ψ˜ (x ,..., x ; t)= d 0(t) ψˆ(x , t) ψˆ(x , t) Ψ(t) . (8.205) n n,1 n,n nh | n,1 ··· n,n | i In practical applications of QFT in particle physics, one usually calculates the S-matrix, corresponding to the limit t0 , t . For Hamiltonians that conserve energy (such as (8.199)) this limit→ −∞ provides→ the ∞ stability of the vacuum, i.e., obeys −iϕ0 lim Uˆ(t) 0(t0) = e 0(t0) , (8.206) t0→−∞, t→∞ | i | i where ϕ0 is some physically irrelevant phase [25]. Essentially, this is because the integrals of the type ∞ dt′ produce δ-functions that correspond to energy −∞ ··· conservation, so the vacuumR remains stable because particle creation from the vacuum would violate energy conservation. Thus we have

0( ) = e−iϕ0 0( ) e−iϕ0 0 . (8.207) | ∞ i | −∞ i ≡ | i The state Ψ( ) = Uˆ( ) Ψ( ) (8.208) | ∞ i ∞ | −∞ i is not trivial, but whatever it is, it has some expansion of the form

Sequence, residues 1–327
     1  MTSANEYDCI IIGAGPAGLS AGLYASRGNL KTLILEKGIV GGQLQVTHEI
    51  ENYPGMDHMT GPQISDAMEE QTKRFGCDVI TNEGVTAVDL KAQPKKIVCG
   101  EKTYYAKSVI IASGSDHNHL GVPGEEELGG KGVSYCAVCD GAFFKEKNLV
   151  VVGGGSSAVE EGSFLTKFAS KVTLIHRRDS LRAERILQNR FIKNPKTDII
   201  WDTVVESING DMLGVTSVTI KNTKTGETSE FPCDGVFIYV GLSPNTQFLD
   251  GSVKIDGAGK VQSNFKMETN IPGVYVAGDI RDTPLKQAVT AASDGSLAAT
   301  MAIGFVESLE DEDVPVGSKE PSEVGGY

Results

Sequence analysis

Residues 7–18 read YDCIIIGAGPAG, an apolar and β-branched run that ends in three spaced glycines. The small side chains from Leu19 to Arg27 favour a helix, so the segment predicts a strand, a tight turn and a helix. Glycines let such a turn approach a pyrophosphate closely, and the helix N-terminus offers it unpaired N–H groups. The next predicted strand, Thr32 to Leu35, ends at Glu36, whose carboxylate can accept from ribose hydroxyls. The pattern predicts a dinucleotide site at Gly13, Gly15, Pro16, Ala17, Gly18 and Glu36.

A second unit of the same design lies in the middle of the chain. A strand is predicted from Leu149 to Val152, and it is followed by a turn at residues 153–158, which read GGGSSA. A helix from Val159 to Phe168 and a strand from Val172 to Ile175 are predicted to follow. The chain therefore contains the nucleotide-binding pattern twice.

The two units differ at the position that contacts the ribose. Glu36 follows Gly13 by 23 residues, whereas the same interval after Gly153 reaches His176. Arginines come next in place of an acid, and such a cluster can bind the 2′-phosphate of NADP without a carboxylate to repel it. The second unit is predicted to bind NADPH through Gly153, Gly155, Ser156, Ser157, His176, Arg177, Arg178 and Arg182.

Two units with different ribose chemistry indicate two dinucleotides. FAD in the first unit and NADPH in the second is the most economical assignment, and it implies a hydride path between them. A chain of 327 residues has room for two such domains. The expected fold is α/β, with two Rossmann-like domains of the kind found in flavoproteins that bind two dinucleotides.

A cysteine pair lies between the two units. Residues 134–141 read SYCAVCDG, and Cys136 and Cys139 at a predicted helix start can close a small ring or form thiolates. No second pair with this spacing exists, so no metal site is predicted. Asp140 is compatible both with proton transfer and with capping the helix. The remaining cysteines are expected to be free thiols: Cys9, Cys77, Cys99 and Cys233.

∞ Ψ( ) = c ( ) Ψ , (8.209) | ∞ i n ∞ | ni nX=0 where c ( ) are some coeﬃcients. Plugging (8.207) and (8.209) into (8.205) and n ∞ recalling (8.159)-(8.162), we ﬁnally obtain

ψ˜ (x ,..., x ; )= eiϕ0 c ( )ψ (x ,..., x ; ). (8.210) n n,1 n,n ∞ n ∞ n n,1 n,n ∞ This demonstrates the consistency of (8.195), because (8.208) should be recognized as the standard description of evolution from t to t (see, e.g., 0 → −∞ → ∞ [26, 25]), showing that the coeﬃcients cn( ) are the same as those described by standard S-matrix theory in QFT. In other∞ words, (8.195) is a natural many-time generalization of the concept of single-time evolution in interacting QFT.

8.4.5 Generalization to other types of particles In Secs. 8.4.3 and 8.4.4 we have discussed in detail scalar hermitian ﬁelds, cor- responding to spinless uncharged particles. In this subsection we brieﬂy discuss how these results can be generalized to any type of ﬁelds and the corresponding particles.